Pigeon's key pecking was reinforced with food in two experiments in which the correspondence between preference for starting one of two reinforced behavior patterns and the likelihood of finishing it subsequently was examined. Reinforcers were scheduled according to concurrent schedules for two classes of interresponse times, modified such that reinforcers followed a center-key peck terminating either a shorter interresponse time started by a left-key peck or a longer interresponse time started by a right-key peck. In Experiment 1, the times when reinforcers potentially were available were not discriminated, whereas in Experiment 2 they were. Absolute reinforced pattern durations were varied. The relative frequency of starting a particular pattern was highly correlated with relative frequency of that completed pattern in both experiments. Other relations between starting and finishing a pattern depended on whether reinforced interresponse times were discriminated. For instance, preference for starting a pattern sometimes correlated negatively with the likelihood of subsequently completing it. The present experiments are described as capturing part of the ordinary language meaning of "intention," according to which an organism's behavior at one moment sets the occasion for an observer to say that the organism "intends" in the future to engage in one behavior rather than another.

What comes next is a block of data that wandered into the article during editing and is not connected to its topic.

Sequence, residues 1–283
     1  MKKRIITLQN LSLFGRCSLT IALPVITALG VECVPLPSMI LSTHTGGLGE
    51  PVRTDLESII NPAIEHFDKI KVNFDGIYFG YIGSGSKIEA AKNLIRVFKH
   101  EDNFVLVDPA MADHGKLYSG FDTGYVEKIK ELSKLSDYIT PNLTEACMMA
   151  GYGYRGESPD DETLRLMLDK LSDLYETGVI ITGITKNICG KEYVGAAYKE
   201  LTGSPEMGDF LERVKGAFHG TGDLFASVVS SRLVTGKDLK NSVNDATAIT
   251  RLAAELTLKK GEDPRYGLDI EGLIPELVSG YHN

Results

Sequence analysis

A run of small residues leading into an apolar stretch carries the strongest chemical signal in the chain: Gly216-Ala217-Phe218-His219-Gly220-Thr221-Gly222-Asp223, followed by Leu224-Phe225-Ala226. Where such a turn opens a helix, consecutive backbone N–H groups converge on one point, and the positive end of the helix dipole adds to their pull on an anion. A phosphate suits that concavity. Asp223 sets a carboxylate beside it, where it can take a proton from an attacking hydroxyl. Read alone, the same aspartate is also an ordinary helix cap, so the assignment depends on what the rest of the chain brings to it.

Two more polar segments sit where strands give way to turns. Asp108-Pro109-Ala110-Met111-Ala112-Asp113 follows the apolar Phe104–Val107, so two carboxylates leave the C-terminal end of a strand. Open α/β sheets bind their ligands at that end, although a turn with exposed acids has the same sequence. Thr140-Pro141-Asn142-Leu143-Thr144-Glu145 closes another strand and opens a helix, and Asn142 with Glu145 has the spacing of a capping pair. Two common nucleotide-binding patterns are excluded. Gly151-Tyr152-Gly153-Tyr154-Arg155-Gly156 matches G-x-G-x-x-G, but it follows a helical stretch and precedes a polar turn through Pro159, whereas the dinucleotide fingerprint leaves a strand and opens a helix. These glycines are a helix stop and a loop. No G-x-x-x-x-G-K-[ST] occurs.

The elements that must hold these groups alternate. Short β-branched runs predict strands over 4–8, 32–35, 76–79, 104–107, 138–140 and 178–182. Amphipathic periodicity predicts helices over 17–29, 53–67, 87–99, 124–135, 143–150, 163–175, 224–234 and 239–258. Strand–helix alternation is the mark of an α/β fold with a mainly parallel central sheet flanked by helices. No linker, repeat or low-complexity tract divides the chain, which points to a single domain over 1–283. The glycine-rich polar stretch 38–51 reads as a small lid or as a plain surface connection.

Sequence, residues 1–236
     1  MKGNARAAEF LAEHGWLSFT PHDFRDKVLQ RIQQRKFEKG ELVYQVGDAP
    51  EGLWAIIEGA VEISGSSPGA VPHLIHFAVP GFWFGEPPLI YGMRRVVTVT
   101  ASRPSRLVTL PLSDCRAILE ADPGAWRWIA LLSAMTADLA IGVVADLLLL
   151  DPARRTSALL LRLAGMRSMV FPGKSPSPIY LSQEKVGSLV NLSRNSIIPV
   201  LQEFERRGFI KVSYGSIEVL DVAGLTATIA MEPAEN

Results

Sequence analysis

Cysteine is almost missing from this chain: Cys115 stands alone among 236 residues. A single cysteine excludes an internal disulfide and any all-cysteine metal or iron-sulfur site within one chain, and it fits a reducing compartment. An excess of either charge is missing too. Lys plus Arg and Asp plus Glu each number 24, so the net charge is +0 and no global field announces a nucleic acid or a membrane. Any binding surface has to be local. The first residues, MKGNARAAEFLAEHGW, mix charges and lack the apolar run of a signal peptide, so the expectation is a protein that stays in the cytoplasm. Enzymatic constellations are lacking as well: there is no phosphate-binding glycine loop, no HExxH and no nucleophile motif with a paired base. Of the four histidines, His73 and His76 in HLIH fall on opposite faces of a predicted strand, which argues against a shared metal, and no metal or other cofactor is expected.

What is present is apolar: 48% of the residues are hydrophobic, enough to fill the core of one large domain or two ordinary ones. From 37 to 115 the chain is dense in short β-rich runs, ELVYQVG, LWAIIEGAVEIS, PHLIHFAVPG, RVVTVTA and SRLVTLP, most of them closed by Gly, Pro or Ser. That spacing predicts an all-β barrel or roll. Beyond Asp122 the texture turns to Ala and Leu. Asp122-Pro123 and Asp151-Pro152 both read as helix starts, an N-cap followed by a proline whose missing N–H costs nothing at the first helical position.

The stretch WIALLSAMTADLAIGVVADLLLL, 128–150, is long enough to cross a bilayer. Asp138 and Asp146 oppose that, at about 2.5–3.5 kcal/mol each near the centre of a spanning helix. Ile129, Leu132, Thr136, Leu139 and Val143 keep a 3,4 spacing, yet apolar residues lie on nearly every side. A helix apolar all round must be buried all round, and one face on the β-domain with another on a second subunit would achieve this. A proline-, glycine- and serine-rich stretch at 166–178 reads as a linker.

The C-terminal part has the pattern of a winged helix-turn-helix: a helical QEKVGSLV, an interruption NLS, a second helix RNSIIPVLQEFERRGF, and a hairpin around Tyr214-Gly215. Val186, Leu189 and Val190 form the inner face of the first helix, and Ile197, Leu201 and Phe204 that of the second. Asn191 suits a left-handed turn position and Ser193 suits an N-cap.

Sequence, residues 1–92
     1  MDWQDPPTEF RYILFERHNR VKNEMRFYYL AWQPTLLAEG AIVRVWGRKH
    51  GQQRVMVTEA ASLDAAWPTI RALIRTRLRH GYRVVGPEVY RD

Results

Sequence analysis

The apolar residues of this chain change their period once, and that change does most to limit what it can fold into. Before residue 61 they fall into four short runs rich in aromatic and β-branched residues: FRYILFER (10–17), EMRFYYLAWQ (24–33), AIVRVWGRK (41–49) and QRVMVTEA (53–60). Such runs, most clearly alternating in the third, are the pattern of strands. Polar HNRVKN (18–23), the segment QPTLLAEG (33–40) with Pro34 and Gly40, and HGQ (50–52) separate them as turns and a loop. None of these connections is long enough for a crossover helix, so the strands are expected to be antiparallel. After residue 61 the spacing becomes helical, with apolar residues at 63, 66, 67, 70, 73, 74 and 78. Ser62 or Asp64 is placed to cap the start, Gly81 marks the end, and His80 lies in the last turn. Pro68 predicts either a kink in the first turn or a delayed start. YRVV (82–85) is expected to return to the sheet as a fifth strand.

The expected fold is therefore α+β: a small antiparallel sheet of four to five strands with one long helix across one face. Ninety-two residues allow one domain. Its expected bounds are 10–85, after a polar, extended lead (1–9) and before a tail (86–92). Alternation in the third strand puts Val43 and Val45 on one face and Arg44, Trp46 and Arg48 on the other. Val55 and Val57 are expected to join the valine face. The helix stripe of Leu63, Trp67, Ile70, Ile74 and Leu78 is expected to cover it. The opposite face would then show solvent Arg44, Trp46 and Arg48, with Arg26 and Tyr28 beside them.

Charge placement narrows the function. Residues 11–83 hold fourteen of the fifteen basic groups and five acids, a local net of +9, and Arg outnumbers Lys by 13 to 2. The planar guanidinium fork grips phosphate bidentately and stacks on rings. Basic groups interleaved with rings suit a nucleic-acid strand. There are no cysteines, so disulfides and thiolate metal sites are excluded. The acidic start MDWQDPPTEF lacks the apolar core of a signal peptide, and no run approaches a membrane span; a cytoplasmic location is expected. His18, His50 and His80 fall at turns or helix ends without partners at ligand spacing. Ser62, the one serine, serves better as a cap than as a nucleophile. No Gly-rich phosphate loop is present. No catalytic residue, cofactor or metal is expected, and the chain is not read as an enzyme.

PMCID: PMC1339186  PMID: 2584918
5.  The local organization of behavior: dissociations between a pigeon's behavior and self-reports of that behavior. 
The purpose of the experiment was to study the relation between what an organism does in a setting that demands temporal patterning of behavior and what it reports it has done. More specifically, a pigeon produced two classes, shorter and longer, of temporal patterns of key pecks (interresponse times) on a center key. Occasionally, a symbolic matching-to-sample probe arranged on side keys asked the pigeon whether its most recent pattern was a shorter or longer one. The longer reinforced pattern was always three times as long as the shorter one and the two patterns were reinforced equally often. Absolute duration of reinforced patterns was varied. In some conditions, interresponse-time distributions on the center key were bimodal, indicating a clear behavioral adaptation to the contingency, yet a bird did not report very well by appropriate side-key responding what its most recent interresponse time had been. In other conditions, the interresponse-time distributions were less clearly bimodal, yet a bird reported more accurately its previous interresponse time as shorter or longer. Thus, there was a dissociation between how well behavior on the center key conformed to the schedule requirement and how well a bird reported what it was doing on the center key. In addition, as absolute duration of the reinforced patterns was increased, a bird categorized its most recent pattern less well even as its preference for the shorter pattern increased dramatically. These results were interpreted as an example of the phenomenon of dissociation between tacit knowledge and knowledge.